Here we have, among others, the verbs flourish, belly up, heave, vanish, reel. The scene is admittedly more active, but even a still tableau, like the one depicted in the first quotation of this review, employs ferocious verbs like slam and belt. These are the devices that give energy to the poems and make them—or at least an impression of them—stick in the mind.
Interestingly, when Di Piero brings the resources of rhyme into a poem, he is able to employ quieter language and still achieve some of the striking effects we see in the flashier, less formal poems:
Here the progression of sound (brayed song, graveside, grief small, inside) gives a formality to the statement and makes it noticeable even as the language, perhaps in imitation of the subject, pulls back.
At other times Di Piero’s attempts to “improvise / a soul of things” seem more freewheeling. Here, for example, is the first of “Five Studies.”
The oleanders claw the screen.
Streetlight mattes their shadows
on white shades beside the bed.
Somewhere, out there, Venus sets.
In here, the dim corner lampshade
showers its cone of phosphors,
prickling our arms and legs,
useless, unraveled, waiting for
the next occasion, for tedium
to become desire or something like.
You’re dissolving into your white ground.
The oleanders grab the sheets.
Here perception transforms itself into actuality, as when Wallace Stevens writes of a pineapple, “Out of his bottle the green genie comes.” Without the oleanders the scene would be mere tedium; with them, it achieves the tepid interest of the opening scene in a horror movie.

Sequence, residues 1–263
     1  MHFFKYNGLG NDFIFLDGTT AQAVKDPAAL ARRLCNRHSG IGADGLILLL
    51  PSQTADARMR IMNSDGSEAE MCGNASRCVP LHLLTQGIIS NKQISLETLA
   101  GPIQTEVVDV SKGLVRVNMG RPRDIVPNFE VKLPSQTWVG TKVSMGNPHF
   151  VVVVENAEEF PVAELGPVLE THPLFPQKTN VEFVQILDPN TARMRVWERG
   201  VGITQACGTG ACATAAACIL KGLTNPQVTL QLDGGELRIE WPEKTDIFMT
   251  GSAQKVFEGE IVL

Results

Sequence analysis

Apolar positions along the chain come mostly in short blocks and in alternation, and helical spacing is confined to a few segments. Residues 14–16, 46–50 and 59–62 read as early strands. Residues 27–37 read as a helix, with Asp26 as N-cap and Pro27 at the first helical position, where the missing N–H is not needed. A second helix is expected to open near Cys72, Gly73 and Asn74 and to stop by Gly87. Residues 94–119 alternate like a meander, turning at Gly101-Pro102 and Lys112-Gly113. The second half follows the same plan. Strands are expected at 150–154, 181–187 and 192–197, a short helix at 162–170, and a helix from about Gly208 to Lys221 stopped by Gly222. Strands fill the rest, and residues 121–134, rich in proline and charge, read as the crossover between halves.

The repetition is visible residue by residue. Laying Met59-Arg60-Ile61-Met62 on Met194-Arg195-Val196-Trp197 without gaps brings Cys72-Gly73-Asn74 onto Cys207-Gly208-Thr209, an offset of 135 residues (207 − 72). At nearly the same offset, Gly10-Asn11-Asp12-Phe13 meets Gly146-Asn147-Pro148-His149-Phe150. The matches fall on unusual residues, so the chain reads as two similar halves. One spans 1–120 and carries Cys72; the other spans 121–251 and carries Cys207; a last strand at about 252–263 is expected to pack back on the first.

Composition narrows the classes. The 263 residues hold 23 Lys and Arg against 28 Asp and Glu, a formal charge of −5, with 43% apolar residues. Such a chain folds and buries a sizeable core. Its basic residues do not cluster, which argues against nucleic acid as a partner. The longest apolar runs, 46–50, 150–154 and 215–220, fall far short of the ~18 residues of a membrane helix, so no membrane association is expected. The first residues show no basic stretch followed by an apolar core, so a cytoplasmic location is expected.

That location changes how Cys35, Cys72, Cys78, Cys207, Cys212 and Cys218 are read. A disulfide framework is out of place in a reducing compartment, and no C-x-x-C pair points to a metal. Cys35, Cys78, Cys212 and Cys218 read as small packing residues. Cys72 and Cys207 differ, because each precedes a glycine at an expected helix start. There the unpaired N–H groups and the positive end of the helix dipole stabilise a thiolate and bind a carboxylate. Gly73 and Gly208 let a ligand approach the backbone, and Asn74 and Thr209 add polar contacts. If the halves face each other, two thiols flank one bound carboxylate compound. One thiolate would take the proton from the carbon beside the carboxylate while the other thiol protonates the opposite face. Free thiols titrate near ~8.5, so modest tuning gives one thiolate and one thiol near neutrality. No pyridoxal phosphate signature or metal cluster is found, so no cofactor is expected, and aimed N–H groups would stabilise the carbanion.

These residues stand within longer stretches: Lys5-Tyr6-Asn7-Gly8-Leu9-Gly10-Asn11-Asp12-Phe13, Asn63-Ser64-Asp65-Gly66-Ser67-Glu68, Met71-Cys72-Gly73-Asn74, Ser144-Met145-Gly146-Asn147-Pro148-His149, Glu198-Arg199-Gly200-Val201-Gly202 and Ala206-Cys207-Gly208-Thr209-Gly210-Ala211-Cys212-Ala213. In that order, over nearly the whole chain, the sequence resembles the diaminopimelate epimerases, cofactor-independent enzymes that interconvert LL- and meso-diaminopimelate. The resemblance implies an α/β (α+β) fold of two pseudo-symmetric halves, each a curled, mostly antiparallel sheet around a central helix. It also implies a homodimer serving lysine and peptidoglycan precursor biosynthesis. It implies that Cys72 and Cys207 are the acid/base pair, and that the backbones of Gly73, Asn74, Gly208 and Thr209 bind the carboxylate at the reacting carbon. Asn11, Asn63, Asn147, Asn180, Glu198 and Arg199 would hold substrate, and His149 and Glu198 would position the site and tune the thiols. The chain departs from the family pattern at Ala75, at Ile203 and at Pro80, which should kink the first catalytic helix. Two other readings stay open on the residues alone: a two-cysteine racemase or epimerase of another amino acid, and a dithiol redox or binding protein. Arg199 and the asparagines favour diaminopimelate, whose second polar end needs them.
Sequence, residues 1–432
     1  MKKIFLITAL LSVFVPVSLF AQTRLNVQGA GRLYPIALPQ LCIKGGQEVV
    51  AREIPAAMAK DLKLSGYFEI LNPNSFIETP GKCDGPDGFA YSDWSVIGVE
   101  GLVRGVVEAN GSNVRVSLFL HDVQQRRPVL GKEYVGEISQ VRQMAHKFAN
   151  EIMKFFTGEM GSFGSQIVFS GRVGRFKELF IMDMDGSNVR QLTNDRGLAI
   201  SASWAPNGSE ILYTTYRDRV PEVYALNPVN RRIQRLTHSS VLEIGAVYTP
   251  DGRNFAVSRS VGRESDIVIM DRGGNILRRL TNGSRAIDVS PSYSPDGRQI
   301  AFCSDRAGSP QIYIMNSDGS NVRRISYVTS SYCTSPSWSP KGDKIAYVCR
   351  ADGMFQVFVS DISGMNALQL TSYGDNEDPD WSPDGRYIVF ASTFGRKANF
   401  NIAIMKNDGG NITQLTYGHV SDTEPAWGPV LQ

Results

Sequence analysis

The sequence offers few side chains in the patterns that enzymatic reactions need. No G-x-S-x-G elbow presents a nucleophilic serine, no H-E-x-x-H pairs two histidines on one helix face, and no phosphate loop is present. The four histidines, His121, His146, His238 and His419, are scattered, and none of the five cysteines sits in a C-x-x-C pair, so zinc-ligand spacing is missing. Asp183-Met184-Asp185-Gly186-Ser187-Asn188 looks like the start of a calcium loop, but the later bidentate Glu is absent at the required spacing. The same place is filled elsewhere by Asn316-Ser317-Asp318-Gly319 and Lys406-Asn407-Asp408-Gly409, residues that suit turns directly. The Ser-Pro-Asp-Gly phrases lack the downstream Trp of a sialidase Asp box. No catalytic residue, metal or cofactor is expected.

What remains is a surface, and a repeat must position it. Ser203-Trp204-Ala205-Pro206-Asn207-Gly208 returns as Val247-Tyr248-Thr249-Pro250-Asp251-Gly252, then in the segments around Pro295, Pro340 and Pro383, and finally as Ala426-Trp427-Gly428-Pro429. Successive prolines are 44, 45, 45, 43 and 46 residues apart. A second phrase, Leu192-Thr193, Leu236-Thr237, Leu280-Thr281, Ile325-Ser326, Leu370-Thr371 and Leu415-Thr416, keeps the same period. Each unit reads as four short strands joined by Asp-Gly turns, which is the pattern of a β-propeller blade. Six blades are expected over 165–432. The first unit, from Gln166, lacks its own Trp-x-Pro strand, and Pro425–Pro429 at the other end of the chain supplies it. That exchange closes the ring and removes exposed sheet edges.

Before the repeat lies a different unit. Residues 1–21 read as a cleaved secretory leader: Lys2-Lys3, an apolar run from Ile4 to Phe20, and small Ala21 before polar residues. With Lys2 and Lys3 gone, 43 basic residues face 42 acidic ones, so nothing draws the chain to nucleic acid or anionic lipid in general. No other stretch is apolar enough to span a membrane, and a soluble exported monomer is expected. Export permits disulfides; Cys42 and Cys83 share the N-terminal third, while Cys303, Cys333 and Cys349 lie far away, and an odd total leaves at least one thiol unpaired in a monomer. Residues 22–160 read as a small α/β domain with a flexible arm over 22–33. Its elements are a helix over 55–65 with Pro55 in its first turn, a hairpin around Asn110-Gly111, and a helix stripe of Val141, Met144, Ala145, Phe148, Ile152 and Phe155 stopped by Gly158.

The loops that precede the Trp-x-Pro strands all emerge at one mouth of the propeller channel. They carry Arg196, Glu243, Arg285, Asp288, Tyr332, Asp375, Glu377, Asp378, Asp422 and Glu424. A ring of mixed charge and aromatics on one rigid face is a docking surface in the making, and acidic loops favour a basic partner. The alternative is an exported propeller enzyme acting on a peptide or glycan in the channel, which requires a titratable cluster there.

The rest of these studies persist in their efforts to transform the mundane into poetry. The fifth one begins:
I woke in January (the grass already thicker,
greener, a hurt green, and brainy camphor trees
nodding in the low light)—I woke
to frost hazing all that green, the not-white,
not-silver thin beaten breath
on window panes, oleander, windshield, grass . . .
What is a “hurt green,” and why are camphor trees “brainy”? If we think we have answers to those questions, or even if we don’t, we go on and see that the rest of the passage describes—in terms of negative qualities (not-white, not-silver)—hoarfrost on common objects on a winter morning. These lines bring no surprises, no revelations. The reader must decide whether the insight conveyed is worth the time and space consumed.
If not all the poems succeed unequivocally, we should not be surprised. It is not easy to “copy what’s invisible” or “improvise a soul of things”; by his very productivity (these selected poems amount to nearly 250 pages, and Di Piero is just past 60), the author stacks the deck against himself, for inspiration is inconstant and unpredictable. At his best he brings a bracing ingenuity to his poems, inviting admiration, but not all his output achieves the highest altitudes.
Many of the poems, particularly in the section from The Restorers, deal with religious questions. Often they are based on, perhaps inspired by, classical paintings, as if the painters’ sensibilities, devout and skeptical at once, humble and blasphemous, had infused Di Piero’s spirit. Here he is describing details from the frescoes of Filippino Lippi in Florence’s Strozzi Chapel: